• Luc –

      There are many in healthcare who have proposed a similar mandatory, non-punitive reporting system for healthcare, including my Lean author friend Naida Grunden (her husband was a commercial pilot).

      There are some organizations doing this at a local level… but I agree that it would be more powerful at a national level.

      I’m not sure (off the top of my head) what other countries are doing on this front.


  2. Mark,

    Thanks for your comment.

    I think, what it really comes down to is “Culture”:
    as long as people hold on to a blame culture (WHO is right/wrong iso WHAT is right/wrong) there will be a problem to establish a real non-punitive reporting system on a(n) (inter)national level. Pitty!


  3. Spot on Mark.

    Hearing about your online food ordering experience in this forum (my equivalent of a morning huddle) is exactly why I’m going to be more cognizant of delivery vs carryout options FOREVER. It is unlikely that anyone who reads this blog will ever make that mistake on any website going forward, no matter how clunky the interface or whether it is their first time ordering sushi, pizza, wings, sandwiches, etc. online. Likewise, good verbal reinforcement and disciplined coaching should limit repeat occurrence of pre-endzone celebration by any NFL, NCAA or high school players this season.

    Many of us in healthcare receive daily news from the Advisory Board or other sources that provide numerous examples we can learn from. In most cases, front line clinicians are too busy taking care of patients and documenting their work to also read healthcare news articles or even internal emails about various topics. The daily huddle at gemba is exactly the conduit through which we can rapidly apply wisdom from undesired outcomes experienced by others.


    • Good point on people not having (or not taking) the time to review lessons learned from various healthcare sources.

      One thing big manufacturing companies do well is to FORCE the issue of people at different sites around the world all reviewing and learning from a safety incident that occurred at one site.

      Granted, our health system is not a perfect parallel to a large global corporation for a number of reasons… but it speaks to the priority and attention placed on safety and preventing the same mistake from occurring in each hospital before each hospital learns to avoid repeating the mistake.

      I’m CERTAIN that a Lean Blog reader, even after reading this post, will make this same mistake sometime. Like Steve Montague says below, I’m probably NOT the only customer to make the same mistake on this sushi place’s webpage. Actually, they use an online ordering engine from a 3rd party company. So, in theory, sushi place A should benefit from mistakes made by the customers of Thai place B… if the developer of the ordering system learns from customer mistakes or if the sushi place can do anything other than throw up their hands and say “well, that happens sometimes…”

  4. Trevathan got it right when, rather than saying, “I’ll be more careful next time,” he said exactly what he’s going to do (“hold the ball up high”) to prevent the mistake. This is a specific, positive action that can be visualized.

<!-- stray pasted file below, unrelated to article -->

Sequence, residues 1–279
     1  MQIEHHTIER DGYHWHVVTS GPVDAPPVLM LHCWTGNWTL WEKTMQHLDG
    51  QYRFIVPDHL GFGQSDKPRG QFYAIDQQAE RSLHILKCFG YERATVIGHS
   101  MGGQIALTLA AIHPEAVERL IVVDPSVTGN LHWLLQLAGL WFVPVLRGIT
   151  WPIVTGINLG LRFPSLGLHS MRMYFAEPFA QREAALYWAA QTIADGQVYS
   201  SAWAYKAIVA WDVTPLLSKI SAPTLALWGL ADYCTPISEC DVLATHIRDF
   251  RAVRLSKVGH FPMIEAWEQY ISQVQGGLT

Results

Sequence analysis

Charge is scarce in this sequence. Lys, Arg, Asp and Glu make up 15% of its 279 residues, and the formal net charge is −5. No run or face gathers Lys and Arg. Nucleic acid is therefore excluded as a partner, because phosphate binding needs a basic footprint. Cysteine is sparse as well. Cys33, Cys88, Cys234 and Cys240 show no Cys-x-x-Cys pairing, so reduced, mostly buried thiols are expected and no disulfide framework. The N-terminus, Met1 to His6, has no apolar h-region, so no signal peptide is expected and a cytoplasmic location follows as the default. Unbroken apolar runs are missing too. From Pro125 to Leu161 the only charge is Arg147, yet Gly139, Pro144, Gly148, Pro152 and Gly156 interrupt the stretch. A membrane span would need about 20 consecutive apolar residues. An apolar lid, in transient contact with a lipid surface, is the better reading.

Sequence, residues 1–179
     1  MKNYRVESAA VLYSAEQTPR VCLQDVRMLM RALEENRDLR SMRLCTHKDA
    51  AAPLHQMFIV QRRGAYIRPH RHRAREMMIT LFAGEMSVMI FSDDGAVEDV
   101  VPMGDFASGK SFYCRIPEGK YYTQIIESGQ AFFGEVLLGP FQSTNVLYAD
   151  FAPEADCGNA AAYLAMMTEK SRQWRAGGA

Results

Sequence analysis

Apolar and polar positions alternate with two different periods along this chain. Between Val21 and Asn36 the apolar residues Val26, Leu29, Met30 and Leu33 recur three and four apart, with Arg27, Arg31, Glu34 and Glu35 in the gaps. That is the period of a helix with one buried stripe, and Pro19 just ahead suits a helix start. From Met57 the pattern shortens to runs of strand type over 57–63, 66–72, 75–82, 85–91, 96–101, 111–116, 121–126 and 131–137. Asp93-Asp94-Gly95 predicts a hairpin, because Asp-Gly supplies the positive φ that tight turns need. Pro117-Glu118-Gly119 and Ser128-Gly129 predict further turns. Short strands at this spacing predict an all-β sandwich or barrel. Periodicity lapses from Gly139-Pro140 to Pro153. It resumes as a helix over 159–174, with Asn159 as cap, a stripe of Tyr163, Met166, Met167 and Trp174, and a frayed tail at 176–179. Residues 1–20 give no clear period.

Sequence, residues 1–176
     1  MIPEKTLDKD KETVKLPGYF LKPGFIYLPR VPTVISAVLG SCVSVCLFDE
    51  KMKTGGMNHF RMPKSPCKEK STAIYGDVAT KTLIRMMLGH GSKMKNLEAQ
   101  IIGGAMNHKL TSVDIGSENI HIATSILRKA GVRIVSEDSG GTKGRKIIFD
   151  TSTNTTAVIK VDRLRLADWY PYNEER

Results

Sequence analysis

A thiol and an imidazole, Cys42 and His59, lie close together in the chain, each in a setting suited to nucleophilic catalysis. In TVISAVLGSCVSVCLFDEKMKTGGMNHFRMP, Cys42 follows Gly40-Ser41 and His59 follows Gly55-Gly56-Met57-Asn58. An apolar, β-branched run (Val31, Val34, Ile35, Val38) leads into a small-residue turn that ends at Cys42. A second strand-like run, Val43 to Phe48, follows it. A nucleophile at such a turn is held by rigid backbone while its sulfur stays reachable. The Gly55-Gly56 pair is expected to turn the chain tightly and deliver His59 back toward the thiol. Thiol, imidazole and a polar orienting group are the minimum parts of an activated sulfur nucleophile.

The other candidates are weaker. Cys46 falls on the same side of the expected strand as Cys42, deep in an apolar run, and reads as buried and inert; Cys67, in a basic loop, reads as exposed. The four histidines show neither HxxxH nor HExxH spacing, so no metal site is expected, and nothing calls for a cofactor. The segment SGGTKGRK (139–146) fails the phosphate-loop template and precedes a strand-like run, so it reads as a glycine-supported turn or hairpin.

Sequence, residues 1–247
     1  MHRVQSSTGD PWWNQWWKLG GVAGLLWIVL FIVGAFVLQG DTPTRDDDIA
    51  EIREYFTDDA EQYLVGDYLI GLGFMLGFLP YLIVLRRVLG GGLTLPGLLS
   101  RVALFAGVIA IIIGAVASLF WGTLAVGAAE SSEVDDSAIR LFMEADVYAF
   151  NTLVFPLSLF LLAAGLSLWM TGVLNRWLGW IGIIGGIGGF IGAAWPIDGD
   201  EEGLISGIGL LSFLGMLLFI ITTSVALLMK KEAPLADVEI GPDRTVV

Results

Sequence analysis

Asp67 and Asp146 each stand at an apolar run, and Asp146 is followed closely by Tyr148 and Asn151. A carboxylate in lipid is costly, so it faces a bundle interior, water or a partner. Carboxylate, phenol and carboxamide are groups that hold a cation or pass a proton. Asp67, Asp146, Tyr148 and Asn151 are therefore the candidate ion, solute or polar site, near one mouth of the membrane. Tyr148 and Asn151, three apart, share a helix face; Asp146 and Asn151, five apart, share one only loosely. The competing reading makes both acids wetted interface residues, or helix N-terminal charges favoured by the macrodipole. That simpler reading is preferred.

As to the carry-out vs. delivery issue, I think this is much more like your post on the American Airlines reservations page. I doubt that you are the only one who made that mistake Mark, and confirmation e-mails are rarely read critically. Rather, we see them and say, “good, they got my order.”

    I think a more robust solution, rather than blaming the customer (or patient), is to have the confirmation page say something like, “Your order will be ready for pick up at 7:15 p.m., please tell us what time we should expect you to be here to pick it up” with a block for the time that must be filled in to accept the order. Or, perhaps the confirmation button is actually a link to Google maps that you can use to figure out how long it will take you to get there. Bottom line is that it should be graphic, and easy to understand. There’s no such thing as error-proofing, but you can make it error-resistant.

    • GREAT point, Steve. Having a more specific countermeasure like holding the ball differently seems like a more effective approach than “being more cognizant.”

      I’m cognizant of the risk about booking a flight on the wrong day, although I’ve been good about not repeating that error since the one time a few years ago. That said, there’s risk of me repeating the error again if I’m in a rush or if I’m tired.

      I saw an article today about a surgical error and a contributing factor was the surgeon supposedly having difficult personal issues he was dealing with at the time.

      I really like your suggestion about trying to confirm delivery vs pickup at the very end.

  5. Same thing happened last night in the Oregon / Utah game, but Oregon returned it for a touchdown!


    “Travis Wilson pass complete to Kaelin Clay for 78 yds for a TD Kaelin Clay fumbled, recovered by Oregn Erick Dargan for a TD Erick Dargan fumbled, recovered by Oregn Joe Walker , return for 100 yds”

    Unlike the Broncos’ player, “It’s not like Clay hasn’t scored touchdowns” (he has four this year) per the announcer.